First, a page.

Moneybox

The Study Claiming Google Made $4.7 Billion From News Is Incredibly Flimsy

Sundar Pichai onstage in front of a huge screen displaying the Google logo.
Google CEO Sundar Pichai delivers the keynote address at the 2019 Google I/O conference.
Justin Sullivan/Getty Images

In the eyes of a lot of journalists and media executives, Google and Facebook are essentially two large and profitable parasites, feeding off the hard, much less profitable work of the news industry. Both companies send a large amount of readers to sites like, say, Slate, but don’t have to pay for the journalism that draws those readers in to begin with. More importantly, Facebook and Google have devoured most of the digital advertising market—combined, they control 59 percent of it—starving a lot of outlets in the process. Because companies can buy targeted ads on a Google search page, they have much less incentive to pay for banner ads on the websites of mid-size metro papers.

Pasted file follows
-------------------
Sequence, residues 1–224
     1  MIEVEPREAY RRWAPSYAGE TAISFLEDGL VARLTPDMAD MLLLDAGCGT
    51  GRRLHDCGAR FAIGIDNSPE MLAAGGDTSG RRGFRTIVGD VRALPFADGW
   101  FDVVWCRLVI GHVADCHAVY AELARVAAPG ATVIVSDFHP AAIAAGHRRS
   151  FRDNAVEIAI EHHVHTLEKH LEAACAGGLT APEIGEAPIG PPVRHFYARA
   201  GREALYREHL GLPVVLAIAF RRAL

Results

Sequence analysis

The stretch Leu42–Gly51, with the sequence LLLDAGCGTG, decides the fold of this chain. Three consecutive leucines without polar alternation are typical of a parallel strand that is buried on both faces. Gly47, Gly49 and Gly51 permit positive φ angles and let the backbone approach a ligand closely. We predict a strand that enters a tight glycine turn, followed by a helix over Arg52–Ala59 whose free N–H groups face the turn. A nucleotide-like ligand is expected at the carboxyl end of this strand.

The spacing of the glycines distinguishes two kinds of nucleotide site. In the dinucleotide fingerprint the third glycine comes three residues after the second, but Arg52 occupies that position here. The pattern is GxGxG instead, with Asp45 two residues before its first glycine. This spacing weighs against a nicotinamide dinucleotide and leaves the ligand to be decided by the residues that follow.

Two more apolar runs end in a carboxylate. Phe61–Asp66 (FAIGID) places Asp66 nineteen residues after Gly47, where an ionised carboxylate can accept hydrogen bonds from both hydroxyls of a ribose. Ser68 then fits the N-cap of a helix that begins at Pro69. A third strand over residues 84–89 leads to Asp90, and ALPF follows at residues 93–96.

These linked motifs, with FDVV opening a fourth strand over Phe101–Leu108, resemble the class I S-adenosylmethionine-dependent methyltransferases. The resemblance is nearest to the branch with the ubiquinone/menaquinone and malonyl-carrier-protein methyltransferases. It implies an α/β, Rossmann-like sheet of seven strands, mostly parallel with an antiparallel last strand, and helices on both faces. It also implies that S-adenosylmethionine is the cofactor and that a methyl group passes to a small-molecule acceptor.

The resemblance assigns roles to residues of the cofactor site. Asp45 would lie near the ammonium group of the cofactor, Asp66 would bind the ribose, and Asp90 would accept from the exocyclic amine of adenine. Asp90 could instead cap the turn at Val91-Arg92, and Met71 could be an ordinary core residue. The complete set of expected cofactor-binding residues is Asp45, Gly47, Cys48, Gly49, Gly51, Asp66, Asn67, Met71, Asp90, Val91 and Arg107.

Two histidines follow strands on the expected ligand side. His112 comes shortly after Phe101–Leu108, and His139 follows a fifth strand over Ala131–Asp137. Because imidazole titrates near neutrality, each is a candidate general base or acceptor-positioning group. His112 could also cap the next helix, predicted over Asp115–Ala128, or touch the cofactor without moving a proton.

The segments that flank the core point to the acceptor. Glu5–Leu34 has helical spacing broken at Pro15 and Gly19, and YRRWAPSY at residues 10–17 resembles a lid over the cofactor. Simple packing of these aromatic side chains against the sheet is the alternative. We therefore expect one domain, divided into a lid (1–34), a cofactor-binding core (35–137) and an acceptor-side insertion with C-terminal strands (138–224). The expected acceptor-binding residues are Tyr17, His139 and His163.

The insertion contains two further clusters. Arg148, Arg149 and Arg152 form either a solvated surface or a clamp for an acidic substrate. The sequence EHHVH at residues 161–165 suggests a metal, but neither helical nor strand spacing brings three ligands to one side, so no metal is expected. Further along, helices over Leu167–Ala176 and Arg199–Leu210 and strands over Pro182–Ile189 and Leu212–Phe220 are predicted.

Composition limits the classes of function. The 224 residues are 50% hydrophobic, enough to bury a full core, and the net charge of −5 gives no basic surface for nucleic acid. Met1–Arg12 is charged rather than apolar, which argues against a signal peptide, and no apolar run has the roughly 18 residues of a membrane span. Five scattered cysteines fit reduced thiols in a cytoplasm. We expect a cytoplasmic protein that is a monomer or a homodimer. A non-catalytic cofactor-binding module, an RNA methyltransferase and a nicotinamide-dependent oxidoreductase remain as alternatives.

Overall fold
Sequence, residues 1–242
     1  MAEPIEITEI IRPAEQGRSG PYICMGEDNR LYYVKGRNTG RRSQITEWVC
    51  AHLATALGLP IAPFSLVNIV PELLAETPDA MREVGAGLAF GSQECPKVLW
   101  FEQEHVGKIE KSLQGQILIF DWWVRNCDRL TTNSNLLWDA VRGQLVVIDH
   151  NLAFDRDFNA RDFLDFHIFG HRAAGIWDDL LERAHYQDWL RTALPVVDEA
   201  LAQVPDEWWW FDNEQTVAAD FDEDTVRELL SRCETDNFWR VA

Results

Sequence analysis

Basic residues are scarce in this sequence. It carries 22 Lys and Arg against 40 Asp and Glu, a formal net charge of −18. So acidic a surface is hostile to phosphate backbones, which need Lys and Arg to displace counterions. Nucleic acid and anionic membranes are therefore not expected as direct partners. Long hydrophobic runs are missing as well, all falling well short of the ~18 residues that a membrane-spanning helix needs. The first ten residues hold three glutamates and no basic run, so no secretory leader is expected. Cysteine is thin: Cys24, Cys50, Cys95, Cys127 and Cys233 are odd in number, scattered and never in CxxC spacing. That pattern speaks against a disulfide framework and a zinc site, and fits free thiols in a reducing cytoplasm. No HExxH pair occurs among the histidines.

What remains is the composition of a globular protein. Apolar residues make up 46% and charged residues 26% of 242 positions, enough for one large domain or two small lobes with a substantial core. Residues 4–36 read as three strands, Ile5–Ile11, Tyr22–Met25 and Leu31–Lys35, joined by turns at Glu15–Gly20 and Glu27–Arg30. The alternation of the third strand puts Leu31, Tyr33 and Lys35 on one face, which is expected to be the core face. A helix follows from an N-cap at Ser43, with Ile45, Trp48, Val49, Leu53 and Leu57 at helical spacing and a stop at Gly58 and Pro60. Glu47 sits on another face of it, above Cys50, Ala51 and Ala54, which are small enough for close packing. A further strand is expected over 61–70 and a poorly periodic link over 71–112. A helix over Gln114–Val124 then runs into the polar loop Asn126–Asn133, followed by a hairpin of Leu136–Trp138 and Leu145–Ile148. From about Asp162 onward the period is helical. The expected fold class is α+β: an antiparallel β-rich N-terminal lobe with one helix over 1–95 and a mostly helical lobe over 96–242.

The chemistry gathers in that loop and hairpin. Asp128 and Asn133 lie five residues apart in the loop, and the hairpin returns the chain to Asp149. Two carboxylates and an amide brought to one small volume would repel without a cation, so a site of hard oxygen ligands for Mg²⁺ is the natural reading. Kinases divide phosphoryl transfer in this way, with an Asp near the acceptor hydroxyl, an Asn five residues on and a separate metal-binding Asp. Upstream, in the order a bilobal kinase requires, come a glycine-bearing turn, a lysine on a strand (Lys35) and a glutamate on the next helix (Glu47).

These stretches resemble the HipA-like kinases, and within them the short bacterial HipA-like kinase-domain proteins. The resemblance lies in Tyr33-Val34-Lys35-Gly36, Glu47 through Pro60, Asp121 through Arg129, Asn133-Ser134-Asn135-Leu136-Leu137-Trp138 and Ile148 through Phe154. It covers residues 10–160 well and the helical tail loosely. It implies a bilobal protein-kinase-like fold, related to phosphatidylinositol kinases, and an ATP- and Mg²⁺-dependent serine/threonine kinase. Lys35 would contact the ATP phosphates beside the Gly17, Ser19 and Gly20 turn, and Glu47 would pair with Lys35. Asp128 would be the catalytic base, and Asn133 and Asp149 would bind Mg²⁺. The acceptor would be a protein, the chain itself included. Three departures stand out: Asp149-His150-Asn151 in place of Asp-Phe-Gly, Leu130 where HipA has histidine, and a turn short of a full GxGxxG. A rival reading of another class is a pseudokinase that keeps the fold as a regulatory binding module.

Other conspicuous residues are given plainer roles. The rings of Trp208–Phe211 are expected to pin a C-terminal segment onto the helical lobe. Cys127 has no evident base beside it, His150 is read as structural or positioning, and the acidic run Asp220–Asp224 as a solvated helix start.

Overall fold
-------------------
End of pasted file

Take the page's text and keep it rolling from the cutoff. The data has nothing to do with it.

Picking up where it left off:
The News Industry Alliance, a lobbying group, has an idea for addressing this market imbalance. It is urging Congress to give media companies an antitrust exemption that would let them band together and collectively bargain with the tech giants for a share of their news-driven profits. To back this idea, it produced a study, which was covered by the New York Times this weekend, claiming that Google alone generates about $4.7 billion worth of revenue from news searches alone.

It’s a stunningly flimsy conclusion. The group arrives at its headline figure with little more than a back-of-the-envelope scribble based mostly on a number one-time Google exec Marissa Mayer mentioned offhandedly during a lunch in 2008. As much as I, a journalist who cares about journalism, want the big tech problem addressed, this effort is so amateurish that I’m guessing it will probably do more harm than good for the industry’s cause.

At its heart, Google’s main business model is pretty simple: When people use Google to search for something, the company serves them ads related to that topic. If people click said ads, Google gets paid. The more ads people click, the more money it makes.